Nurses quickly attended to my crying infant child as the doctor declared us parents of a son.  Gail lay deliriously exhausted panting as her eyes searched for any possible glimpse of her new baby.  He resembled my father.  His little cries were quiet and sounded like a lamb. 

Quickly as possible a nurse handed Gail our baby and I beheld the precious sight of a new mother’s expression as she for the first time saw with her own eyes the infant son conceived and nurtured within her. 

It was now 6:00 am.  Gail was totally exhausted and we were both in need of sleep.  I decided to go home and sleep for a few hours.  No sooner had my head hit the pillow than the phone rang.  It was Gail.  She said the doctor told her something was wrong with the baby. 

Strong in faith, I assured Gail the doctors were wrong and that I would come right back to the hospital just a few minutes drive from our home.  I arrived to find Gail sitting up in her bed in the company of our doctor, a counselor, and two nurses.  The doctor explained that our baby’s lungs hadn’t fully expanded because he was born a month premature.  That explained his little lamb like cries. 

The doctor went on to explain that our son would require special attention that hospital was not equipped to administer and that he would be air lifted to the prenatal center at Northwestern Hospital.  The hospital counselor was present expecting Gail and I to freak out at this news.

With certain urgency, two paramedics brought our son into the room inside a portable incubator.  As we beheld our infant son enclosed in the plastic box with all manner of  accompanying tubes, tanks, and monitoring devices we remained at peace.  This much to the surprise of all present.  Thank God Gail and I were strong in our faith trusting Him for any eventuality.  In less than a minute, our baby boy was wheeled out the door to the awaiting medivac helicopter.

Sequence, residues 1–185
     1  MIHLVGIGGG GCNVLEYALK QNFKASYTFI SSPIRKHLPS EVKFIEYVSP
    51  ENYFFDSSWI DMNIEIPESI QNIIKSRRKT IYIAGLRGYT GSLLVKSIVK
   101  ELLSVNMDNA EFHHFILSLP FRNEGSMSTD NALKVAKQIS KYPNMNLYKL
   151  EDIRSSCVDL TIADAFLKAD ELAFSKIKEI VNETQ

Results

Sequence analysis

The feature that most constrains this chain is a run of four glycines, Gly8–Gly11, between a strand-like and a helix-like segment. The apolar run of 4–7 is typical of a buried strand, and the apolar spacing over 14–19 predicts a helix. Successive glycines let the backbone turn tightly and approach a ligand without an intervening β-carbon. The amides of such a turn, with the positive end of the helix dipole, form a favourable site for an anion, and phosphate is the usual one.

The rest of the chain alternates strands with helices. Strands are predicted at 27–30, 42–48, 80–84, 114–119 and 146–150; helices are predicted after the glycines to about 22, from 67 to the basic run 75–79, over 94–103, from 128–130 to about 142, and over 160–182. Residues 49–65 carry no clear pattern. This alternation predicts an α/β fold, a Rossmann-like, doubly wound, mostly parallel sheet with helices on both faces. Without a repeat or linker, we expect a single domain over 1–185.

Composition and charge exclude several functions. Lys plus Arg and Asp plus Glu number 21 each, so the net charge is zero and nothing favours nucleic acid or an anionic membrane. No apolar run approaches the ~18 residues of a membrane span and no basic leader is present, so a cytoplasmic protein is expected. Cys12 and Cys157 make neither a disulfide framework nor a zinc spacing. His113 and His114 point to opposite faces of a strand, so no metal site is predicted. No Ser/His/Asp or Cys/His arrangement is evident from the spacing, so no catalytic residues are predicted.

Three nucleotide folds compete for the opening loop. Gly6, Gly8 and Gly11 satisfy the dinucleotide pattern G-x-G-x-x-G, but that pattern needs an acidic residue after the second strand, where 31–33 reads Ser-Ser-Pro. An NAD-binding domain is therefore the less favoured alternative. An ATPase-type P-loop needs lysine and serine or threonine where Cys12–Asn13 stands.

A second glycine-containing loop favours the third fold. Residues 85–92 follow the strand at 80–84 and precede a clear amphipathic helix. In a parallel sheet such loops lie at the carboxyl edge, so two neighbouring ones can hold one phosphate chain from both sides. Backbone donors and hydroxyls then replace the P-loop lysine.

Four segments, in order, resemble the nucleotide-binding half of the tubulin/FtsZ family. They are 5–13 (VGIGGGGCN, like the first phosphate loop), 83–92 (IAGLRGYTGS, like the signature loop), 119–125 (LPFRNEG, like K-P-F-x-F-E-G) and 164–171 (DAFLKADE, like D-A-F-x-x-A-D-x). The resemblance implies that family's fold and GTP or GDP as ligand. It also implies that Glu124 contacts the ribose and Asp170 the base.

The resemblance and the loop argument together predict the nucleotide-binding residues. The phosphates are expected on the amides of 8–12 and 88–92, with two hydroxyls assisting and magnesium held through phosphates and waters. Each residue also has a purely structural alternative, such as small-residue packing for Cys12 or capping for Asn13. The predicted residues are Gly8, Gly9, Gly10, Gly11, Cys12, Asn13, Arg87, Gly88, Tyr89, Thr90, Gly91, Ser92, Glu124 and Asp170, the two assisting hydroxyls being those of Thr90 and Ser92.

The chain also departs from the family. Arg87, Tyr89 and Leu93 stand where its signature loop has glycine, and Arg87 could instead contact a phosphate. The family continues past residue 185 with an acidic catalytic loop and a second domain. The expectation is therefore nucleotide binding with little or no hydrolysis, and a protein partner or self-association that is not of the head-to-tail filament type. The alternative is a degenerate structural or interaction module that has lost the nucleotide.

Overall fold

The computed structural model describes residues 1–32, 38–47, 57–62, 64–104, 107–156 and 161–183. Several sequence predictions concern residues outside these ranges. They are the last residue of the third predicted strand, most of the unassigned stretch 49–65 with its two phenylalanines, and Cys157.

The doctor and counselor remained in Gail's room with us anticipating that we would require their support after seeing our son carried away.  Gail and I were at peace confidently trusting that God was in control of the situation.  I suspect that our peace at that moment was both puzzling and comforting to the hospital staff assuming that in similar situations, other parents had been traumatized requiring lots of special attention. 

I was very proud of Gail that morning. She was exhausted and we both needed sleep.  Knowing that our son was in God’s care, we were at peace.  I went home to get some sleep. 

I slept a few hours and called my mother asking her to come with me to see the baby at Northwestern Hospital.   As we drove there, my head was filled with questions about my own birth having just experienced the delivery of my son.  I wanted to know all the details of what it was like for her and my dad the day I was born. 

I was the first born.  The circumstances of my own birth were now much more of interest to me having just cut the umbilical cord of my own first born hours earlier.  Vague memories of the story my parents told me now begged for more detail. 

Mom simply told me that she didn’t remember my birth.  I was born in 1950 when it was common practice to put the mother under anesthesia to deliver without pain.  She said that she just woke up and I was there. 

I already knew that the day I was born my father suffered his first heart attack.  What I hadn’t fully appreciated was that mom was pregnant with their first child, due at any moment, when her husband had a heart attack.  She called an ambulance and watched it carry her husband away to a hospital not knowing if he would live or die.  Then she went into labor and called another ambulance to take her to different hospital. 

Just hours earlier, I was present at the birth of my first child.  Still trembling from the experience, I am driving down the Congress expressway with my mother as she calmly tells me of what surely had to have been one of the most traumatic events of her life. 

We soon arrived at the Northwestern Medical Center and found the prenatal floor where we were required to scrub, wash, and don gowns and masks.  I was deeply moved to see many dozens of incubators housing babies far more premature than my son.  Many busy nurses attended infants so tiny that you cannot imagine them being alive at all.